Battle 2 - Smart home integration:
This battle is already a heated one. As both proprietary and open protocols seem to be available, this market is not only a fight for standard communication protocols but also who can provide the best hub, to integrated, manage and optimise it all. For example, Apple and Microsoft are taking on Amazon’s smart speaker and assistant, Echo and Alexa. Apple will sell its HomePod smart speaker which allows interactions with Siri, and Microsoft has partnered with Harman Kardon to introduce the Invoke which is linked to Cortana. A smart home is not really smart until all parts of the house are covered, and everything is connected. This suggests that a company can gain a larger market share by providing a larger part of the smart home.
Battle 3 - Smart home design & installation:
While this market has existed for many years in the high-end of the spectrum in the US, it is still very immature in, e.g., Europe. Who do you call when you want a complete smart home installation? This provides significant opportunities for players wanting to enter this market. Will the market be captured by electricians, engineering companies, banks or event new service companies?
What Should the Players Do?
With these competitive forces at play, the question for companies hoping to succeed in the smart home market, is "What viable strategies are available to us?".
By now it should be clear that continuing to manufacture devices without making them smart is likely not a feasible strategy in the long run. If the choice is between a thermostat that can be controlled via the consumer’s phone and a thermostat that cannot, assuming the price difference is small, most consumers will go for the mobile accessible thermostat due to convenience.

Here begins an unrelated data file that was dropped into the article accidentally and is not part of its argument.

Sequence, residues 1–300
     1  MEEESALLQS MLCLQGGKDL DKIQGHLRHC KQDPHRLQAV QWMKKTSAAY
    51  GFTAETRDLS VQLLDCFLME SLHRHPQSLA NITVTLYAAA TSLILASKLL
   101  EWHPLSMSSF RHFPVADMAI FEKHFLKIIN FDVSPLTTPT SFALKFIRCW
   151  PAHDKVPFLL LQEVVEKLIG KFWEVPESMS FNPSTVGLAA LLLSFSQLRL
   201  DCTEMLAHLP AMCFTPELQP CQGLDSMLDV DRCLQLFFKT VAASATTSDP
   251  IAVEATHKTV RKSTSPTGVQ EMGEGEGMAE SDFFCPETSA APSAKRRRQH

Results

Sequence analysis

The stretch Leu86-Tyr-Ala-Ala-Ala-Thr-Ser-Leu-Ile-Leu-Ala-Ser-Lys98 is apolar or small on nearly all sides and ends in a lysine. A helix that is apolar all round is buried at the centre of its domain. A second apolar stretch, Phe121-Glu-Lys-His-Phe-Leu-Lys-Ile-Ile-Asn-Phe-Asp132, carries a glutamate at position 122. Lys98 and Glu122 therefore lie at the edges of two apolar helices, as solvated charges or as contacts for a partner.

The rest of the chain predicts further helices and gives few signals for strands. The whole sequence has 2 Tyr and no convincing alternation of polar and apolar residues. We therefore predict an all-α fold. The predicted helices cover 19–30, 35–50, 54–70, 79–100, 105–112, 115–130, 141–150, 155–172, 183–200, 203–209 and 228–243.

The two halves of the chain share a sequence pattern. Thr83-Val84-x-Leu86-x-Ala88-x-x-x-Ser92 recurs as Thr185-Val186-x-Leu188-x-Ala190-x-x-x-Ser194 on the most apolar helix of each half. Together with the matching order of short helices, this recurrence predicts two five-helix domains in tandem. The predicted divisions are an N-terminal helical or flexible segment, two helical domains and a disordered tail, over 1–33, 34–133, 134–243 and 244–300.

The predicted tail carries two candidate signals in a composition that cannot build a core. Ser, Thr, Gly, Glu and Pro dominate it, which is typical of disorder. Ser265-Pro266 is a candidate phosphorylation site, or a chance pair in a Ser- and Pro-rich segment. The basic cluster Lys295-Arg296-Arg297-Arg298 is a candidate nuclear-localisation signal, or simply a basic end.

We believe the winning players in the smart home markets are the ones who choose between three strategies: A) Niche, B) Integration platform or C) Full smart home solution.
Strategy A): The niche strategy is well-known, we have already seen it in the market. Players specialise in manufacturing smart devices that are needed in the smart home. Philips and their smart lighting, Hue, is an example of this strategy. Lighting is essential in any home, and being good at producing smart lighting that connects and integrates well with various platforms and control software makes Philips a vital player in the smart home market. The niche player will not go into home automation protocols, AI, control platforms etc. but stay focused instead on specific hardware.